Keeping the Children Safe

By , Staff writer of The Christian Science Monitor

What can parents do to protect their children?

"Parents must be aware of what their kids are doing on the computer and who they are hooking up with," says Laura Quarantiello, author of the book "Cyber Crime: How to Protect Yourself From Computer Criminals."

"Be aware of what your child is doing and be a part of it," she says. "And let your child know what the threats are. It is pretty much the same advice you would give your child about talking to strangers on the street."

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Many experts say that parents must not only discuss with their children the risks of talking to strangers on the Internet, but parents must be technologically proficient enough to understand how and when such contact might take place.

"Parents are not as savvy as their children when it comes to the Internet," says Ruben Rodriguez, director of the exploited child unit at the National Center for Missing and Exploited Children. "We encourage parents to learn about the Internet and computers so they can understand the lingo and how the internet works."

Mr. Rodriguez says parents and others can report suspected incidents of child sexual exploitation on the Internet via the center's Web site at missingkids.com/cybertip, or via telephone at 800-843-5678.

"You have to talk to your children about it," says Gene Weinschenk of the US Customs Cyber Smuggling Center.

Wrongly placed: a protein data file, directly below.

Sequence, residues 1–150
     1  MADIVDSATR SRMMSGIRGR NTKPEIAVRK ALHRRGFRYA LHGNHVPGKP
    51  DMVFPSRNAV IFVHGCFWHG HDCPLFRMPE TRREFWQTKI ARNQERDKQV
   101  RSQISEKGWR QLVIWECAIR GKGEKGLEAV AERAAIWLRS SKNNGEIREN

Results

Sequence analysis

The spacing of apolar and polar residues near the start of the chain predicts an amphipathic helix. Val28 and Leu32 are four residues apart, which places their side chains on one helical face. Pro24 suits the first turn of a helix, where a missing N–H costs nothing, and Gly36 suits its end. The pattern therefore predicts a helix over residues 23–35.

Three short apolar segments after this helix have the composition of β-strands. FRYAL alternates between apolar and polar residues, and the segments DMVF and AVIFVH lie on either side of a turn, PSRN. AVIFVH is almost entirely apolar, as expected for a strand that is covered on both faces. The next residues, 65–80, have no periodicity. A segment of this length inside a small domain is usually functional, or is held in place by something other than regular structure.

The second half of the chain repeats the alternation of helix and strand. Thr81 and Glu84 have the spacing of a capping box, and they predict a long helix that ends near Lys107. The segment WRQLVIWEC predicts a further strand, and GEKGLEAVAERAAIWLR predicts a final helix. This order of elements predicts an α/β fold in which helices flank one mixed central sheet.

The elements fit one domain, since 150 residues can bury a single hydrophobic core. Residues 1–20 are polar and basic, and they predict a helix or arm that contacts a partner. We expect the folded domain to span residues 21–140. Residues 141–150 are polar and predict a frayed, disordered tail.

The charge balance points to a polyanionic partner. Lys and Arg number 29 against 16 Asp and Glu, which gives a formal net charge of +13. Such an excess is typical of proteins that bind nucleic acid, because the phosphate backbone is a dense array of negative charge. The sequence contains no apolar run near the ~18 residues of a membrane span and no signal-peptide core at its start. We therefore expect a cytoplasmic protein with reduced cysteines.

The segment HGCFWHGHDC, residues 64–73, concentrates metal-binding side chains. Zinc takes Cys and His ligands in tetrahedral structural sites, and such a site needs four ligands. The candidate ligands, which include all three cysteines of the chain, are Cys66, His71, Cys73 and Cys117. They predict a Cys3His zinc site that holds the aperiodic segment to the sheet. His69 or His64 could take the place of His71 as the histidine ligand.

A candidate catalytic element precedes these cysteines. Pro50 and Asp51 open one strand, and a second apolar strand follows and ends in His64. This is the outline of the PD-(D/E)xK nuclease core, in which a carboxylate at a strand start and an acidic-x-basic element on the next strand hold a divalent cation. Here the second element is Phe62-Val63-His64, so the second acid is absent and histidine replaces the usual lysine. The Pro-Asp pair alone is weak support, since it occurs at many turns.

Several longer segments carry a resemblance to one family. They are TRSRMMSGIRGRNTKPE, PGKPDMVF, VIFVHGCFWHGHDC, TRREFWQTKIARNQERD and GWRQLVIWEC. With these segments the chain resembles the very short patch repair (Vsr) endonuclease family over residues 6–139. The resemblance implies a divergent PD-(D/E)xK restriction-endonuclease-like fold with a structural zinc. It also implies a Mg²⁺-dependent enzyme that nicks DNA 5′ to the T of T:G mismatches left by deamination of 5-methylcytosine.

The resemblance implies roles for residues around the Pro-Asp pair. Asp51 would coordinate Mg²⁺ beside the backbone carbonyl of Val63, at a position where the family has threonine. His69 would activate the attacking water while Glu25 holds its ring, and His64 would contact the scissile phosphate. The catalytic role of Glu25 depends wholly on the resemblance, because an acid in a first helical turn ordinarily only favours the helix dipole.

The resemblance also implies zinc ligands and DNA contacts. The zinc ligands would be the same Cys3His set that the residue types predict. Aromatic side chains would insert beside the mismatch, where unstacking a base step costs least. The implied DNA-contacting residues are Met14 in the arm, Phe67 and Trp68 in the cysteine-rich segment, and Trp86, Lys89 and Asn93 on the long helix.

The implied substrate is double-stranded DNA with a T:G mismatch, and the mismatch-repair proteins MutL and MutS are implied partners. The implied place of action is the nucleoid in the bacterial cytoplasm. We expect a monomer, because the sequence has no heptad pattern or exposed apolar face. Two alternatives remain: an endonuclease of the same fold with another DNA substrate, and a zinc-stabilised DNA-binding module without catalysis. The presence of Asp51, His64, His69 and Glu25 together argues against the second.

He adds that parents need to remain vigilant, even at home. "Many parents have a false sense of security believing that if I am sitting in my living room and watching TV and my child is behind me on the internet that all is well with the world," he says. "But they aren't safe."

Mr. Weinschenk says parents should investigate whether to activate programs that can lock a home computer out of "adult" oriented Web sites and chat rooms. In addition, filtering software is available that can broaden the blockade to a wider range of potentially offensive sites.

Despite the potential dangers, Weinschenk warns parents against overreacting. He says the worst response by a parent would be to bar a child from ever using or exploring the Internet.

Larry Foust of the FBI says parents should never allow their children to have unsupervised access to the Internet. The computer should be set up in a public area of the home rather than a child's bedroom, and parents must stress to their children that they never arrange a face-to-face- meeting with someone they meet on the Internet.

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